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HAMMOND — Thomas L. Kirsch II's family and fellow members of the legal community were witnesses Thursday to his promise.

Kirsch told those who packed the U.S. District courtroom for his investiture as the 18th U.S. attorney for the Northern District of Indiana he would fight public corruption, violent crime and the opioid drug crisis.

"The blows will be hard, but not foul," he said, adding he respects the legal rights of all criminal defendants to hold government prosecutors to the highest standards of proof.

President Donald Trump nominated Kirsch in July, the U.S. Senate confirmed his appointment in October and he was sworn into office in a private ceremony three months ago.

Although the law doesn't require a public investiture, Kirsch chose to start his job in a very public way to "answer the call to public service ... and defend the Constitution," according to the remarks of U.S. District Chief Judge Theresa Springmann.

U.S. District Court Judges Jon E. DeGuilio, Phillip P. Simon and Joseph Van Bokkelen, Seventh Circuit Appeals Court Judge Michael S. Kanne, retired Appeals Court Judge John D. Tinder, former U.S. Attorneys David Capp and Dan K. Webb, U.S. Rep. Pete Visclosky, D-Merrillville, and a number of assistant U.S. attorneys and defense attorneys were among those gathered.

Van Bokkelen and Capp hired Kirsch as an assistant U.S. attorney in 2001 on the recommendation of Tinder, who said he had come to admire Kirsch as his law clerk.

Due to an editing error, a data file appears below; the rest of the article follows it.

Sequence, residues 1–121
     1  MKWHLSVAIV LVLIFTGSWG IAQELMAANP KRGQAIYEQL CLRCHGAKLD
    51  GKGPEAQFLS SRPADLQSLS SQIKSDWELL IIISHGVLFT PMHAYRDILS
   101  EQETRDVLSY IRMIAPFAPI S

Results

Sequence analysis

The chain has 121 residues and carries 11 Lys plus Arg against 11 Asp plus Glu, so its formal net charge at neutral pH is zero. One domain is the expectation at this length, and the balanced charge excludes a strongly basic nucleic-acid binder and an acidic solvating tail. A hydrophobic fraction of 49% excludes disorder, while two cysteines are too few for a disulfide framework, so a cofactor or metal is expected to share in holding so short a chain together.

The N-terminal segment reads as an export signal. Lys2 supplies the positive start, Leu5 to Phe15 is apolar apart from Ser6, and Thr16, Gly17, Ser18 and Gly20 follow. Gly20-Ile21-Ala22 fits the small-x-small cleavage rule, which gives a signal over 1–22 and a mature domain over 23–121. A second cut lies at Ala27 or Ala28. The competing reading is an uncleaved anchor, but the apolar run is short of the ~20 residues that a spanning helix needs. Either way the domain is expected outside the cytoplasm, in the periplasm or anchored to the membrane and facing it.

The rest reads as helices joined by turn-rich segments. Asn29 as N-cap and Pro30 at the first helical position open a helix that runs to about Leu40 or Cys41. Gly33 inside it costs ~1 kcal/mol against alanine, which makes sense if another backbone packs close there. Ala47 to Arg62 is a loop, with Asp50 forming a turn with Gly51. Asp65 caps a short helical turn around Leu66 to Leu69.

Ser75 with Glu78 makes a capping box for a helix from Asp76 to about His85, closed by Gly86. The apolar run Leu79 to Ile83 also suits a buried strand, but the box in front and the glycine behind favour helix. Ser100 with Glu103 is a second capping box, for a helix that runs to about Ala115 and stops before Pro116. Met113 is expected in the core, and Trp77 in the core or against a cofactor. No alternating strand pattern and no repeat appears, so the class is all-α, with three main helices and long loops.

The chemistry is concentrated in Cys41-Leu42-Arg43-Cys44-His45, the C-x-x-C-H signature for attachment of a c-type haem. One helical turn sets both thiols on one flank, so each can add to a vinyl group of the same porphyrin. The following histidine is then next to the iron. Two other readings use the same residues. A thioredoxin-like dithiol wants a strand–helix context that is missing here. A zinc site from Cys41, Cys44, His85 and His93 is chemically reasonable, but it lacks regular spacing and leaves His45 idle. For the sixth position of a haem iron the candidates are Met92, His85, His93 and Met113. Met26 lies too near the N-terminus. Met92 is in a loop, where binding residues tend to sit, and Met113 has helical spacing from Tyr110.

Tinder said it is great to know the potential he saw in Kirsch then has now been realized and Kirsch assumes the  "awesome power" of making decisions whether or not to charge people with crimes. "Tom has a pitch-in-attitude without seeking credit or accolades. He has the integrity and courage to make those decisions regardless of their popularity."

Kirsch served as an assistant U.S. attorney until 2008, focusing on white collar investigations and prosecutions, including the prosecution of numerous elected and appointed public officials.

Webb, who became partners with Kirsch at the Chicago law firm of Winston & Strawn LLP, said he came to rely on him to defend major white collar crime defendants in venues as wide spread as Vienna, Austria; the Ukraine and London.

"Kirsch is smart. He is strategic. His work ethic is second to none. You've got a gem," Webb said.

A reception was held in Kirsch's honor at Munster's Center for Visual and Performing Arts following the ceremony.


Lake County Reporter

Bill has reported in Lake County since 1972 after graduating from Indiana University. He has worked for The Times since 1997, covering the courts and local government during much of his tenure. Born and raised in New Albany, Ind., he is a native Hoosier.